Edit Lenses

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Hoffmann, Martin
Wagner, Daniel

A lens is a bidirectional transformation between a pair of connected data structures, capable of translating an edit on one structure into an appropriate edit on the other. Many varieties of lenses have been studied, but none, to date, has offered a satisfactory treatment of how edits are represented. Many foundational accounts [5, 7] only consider edits of the form “overwrite the whole structure,” leading to poor behavior in many situations by failing to track the associations between corresponding parts of the structures when elements are inserted and deleted in ordered lists, for example. Other theories of lenses do maintain these associations, either by annotating the structures themselves with change information [6, 15] or using auxiliary data structures [2, 4], but every extant theory assumes that the entire original source structure is part of the information passed to the lens. We offer a general theory of edit lenses, which work with descriptions of changes to structures, rather than with the structures themselves. We identify a simple notion of “editable structure”—a set of states plus a monoid of edits with a partial monoid action on the states—and construct a semantic space of lenses between such structures, with natural laws governing their behavior. We show how a range of constructions from earlier papers on “statebased” lenses can be carried out in this space, including composition, products, sums, list operations, etc. Further, we show how to construct edit lenses for arbitrary containers in the sense of Abbott, Altenkirch, and Ghani [1]. Finally, we show that edit lenses refine a well-known formulation of state-based lenses [7], in the sense that every state-based lens gives rise to an edit lens over structures with a simple overwrite-only edit language, and conversely every edit lens on such structures gives rise to a state-based lens.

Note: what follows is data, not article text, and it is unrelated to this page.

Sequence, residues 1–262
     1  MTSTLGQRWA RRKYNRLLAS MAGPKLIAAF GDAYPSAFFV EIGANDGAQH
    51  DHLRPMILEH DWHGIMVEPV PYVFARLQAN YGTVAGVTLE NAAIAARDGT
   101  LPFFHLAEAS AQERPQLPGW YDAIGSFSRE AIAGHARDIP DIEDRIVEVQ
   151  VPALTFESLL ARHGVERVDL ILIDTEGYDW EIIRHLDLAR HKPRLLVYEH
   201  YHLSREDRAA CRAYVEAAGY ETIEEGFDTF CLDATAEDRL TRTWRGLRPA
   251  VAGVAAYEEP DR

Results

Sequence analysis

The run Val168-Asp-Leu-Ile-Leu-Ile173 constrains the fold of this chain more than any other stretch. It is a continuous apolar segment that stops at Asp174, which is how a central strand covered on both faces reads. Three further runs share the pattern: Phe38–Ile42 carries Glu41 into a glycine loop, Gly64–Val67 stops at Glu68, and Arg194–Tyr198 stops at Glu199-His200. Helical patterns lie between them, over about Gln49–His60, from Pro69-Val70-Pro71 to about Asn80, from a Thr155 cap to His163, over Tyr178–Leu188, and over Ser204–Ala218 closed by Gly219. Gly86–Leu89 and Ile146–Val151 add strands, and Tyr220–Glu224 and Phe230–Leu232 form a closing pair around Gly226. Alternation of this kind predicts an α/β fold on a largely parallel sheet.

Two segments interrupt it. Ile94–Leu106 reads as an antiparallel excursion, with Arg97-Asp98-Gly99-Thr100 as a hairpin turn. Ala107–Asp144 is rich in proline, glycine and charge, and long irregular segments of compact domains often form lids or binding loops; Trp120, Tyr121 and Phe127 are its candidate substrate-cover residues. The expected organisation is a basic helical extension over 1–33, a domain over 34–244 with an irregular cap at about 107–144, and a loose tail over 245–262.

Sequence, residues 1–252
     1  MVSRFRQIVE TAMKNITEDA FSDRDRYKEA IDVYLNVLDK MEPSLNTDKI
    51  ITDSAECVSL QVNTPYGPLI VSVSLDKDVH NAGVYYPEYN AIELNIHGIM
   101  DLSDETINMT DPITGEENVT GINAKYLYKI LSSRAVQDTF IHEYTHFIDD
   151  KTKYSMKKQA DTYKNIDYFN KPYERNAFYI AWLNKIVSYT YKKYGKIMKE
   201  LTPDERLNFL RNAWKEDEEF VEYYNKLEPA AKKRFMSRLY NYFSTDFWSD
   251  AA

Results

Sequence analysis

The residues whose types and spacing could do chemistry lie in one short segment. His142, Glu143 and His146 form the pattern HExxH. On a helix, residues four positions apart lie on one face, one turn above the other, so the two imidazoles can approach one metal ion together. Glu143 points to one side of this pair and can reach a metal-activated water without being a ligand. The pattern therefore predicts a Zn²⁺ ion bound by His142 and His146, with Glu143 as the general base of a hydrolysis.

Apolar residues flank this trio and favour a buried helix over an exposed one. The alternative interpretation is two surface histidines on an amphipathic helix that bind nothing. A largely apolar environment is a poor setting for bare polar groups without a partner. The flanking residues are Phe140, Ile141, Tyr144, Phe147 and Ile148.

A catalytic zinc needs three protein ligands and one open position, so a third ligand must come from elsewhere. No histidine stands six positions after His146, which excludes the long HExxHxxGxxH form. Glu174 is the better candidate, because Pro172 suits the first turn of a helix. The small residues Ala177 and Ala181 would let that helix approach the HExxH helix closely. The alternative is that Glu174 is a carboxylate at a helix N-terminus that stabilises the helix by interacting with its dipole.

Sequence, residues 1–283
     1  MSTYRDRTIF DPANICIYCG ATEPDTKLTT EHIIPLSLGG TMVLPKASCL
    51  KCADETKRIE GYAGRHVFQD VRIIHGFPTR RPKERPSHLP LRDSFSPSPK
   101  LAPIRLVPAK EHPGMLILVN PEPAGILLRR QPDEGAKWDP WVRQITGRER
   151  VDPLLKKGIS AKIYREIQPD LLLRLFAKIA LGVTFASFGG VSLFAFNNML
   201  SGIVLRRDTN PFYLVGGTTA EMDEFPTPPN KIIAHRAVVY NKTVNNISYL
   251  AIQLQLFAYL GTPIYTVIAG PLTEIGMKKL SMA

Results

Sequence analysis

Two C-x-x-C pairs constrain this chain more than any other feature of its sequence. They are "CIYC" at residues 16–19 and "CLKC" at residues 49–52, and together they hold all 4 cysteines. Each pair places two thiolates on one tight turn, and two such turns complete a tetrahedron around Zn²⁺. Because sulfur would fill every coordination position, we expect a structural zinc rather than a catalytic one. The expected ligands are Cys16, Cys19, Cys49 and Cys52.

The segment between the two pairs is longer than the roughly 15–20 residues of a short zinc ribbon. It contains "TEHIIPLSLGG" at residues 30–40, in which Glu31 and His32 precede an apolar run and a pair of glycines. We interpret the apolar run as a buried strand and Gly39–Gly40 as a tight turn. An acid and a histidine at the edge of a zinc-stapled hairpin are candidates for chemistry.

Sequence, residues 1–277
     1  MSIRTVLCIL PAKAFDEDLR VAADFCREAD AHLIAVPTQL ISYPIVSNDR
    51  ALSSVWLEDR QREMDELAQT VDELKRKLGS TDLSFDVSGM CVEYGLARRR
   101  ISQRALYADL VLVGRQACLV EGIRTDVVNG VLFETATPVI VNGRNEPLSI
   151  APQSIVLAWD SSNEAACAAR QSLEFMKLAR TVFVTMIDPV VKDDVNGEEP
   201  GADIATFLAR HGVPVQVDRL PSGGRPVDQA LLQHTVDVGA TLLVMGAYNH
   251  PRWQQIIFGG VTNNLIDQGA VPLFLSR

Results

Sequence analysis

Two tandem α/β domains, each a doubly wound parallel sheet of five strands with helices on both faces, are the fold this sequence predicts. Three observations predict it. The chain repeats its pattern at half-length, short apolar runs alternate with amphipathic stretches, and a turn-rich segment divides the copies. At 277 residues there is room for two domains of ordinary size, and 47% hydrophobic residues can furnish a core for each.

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Martin Hofmann, Benjamin C. Pierce, and Daniel Wagner. Edit Lenses. In ACM SIGPLAN-SIGACT Symposium on Principles of Programming Languages (POPL), Philadelphia, Pennsylvania, January 2012. ACM COPYRIGHT NOTICE. Copyright © 2012 by the Association for Computing Machinery, Inc. Permission to make digital or hard copies of part or all of this work for personal or classroom use is granted without fee provided that copies are not made or distributed for profit or commercial advantage and that copies bear this notice and the full citation on the first page. Copyrights for components of this work owned by others than ACM must be honored. Abstracting with credit is permitted. To copy otherwise, to republish, to post on servers, or to redistribute to lists, requires prior specific permission and/or a fee. Request permissions from Publications Dept., ACM, Inc., fax +1 (212) 869-0481, or permissions@acm.org. doi: http://dx.doi.org/10.1145/2103656.2103715
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